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Selig concerned after Colvin incident

Bud Selig was impressed with new Cubs owner Tom Ricketts on Friday. AP Photo/Mary Altaffer

CHICAGO -- Commissioner Bud Selig was at Wrigley Field on Friday to visit with Chicago Cubs chairman Tom Ricketts. They talked about a number of subjects, including the maple bat issue, which recently made headlines due to the injury by Cubs outfielder Tyler Colvin on Sunday in Miami.

"I have a great level of concern," Selig said. "I did talk to Tyler Colvin a day or so later. Two years ago when this [broken-bat issue] really came about, we retained people in the forestry department in the University of Wisconsin and Harvard. They have helped us. We've cut down on broken bats by about 50 percent. That's a lot of progress in a short time. Is it enough? No.

"We've got the remaining 50 percent to do. When you watch something like the Tyler Colvin incident, it scares you. All of our experts think they might have some solutions."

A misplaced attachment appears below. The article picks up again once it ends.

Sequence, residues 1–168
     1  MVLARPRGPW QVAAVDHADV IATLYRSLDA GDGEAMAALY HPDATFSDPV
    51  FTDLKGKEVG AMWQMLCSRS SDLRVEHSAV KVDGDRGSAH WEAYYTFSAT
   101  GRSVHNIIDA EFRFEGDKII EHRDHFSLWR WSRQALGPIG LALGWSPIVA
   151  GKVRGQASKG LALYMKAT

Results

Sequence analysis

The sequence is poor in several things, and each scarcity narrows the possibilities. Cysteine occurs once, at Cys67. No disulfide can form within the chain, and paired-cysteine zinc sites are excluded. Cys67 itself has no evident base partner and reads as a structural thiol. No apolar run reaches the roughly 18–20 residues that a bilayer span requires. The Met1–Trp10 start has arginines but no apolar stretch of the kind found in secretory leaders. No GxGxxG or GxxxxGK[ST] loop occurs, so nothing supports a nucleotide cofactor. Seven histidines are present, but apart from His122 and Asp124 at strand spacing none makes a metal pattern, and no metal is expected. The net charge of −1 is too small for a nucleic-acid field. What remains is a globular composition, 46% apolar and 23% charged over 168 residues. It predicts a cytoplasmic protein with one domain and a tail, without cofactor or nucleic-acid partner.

Selig said the players association is involved in what he called a tri-party arrangement. Selig was asked with his best-interest-of-baseball clause, if there's anything he can do to ban maple bats.

"That's pretty tough to do," Selig said. "Players want to use maple bats. I want to see this winter how it all works out."

Selig was asked a number of local questions, including what he thought of the Ozzie Guillen situation on the South Side and whether Guillen will be back with the Sox.

"That's up to the White Sox," he said. "I have enough things to worry about. I'll let the clubs worry about that. We're going to have a lot of managerial changes this year.

"In fact, by my count, it could be as many as 12. This is going to be a very interesting offseason."

Selig also talked about the Cubs' quest to end their World Series drought.

"There's no question the Cubs are one of those institutional teams," he said. "Here at Wrigley Field is a great place. There's no question about it."

The commissioner will ask if the Cubs will get an All-Star Game soon. The Cubs petitioned for the 2014 Game, which will coincide with Wrigley Field's 100th birthday. He didn't answer the question directly.

The commissioner was impressed with the way his host Tom Ricketts went through the stands greeting people. It reminded Selig of the way he talked to people at old County Stadium in Milwaukee when he owned the Brewers.

"He walked out into the main concourse, and he talked to everybody," he said. "He shook hands with people. In Milwaukee, I used to do the same thing.

"He said sometimes he'll go to a concession stand to buy something. So did I. I think that's great. I think the Ricketts ownership is off to a very good start."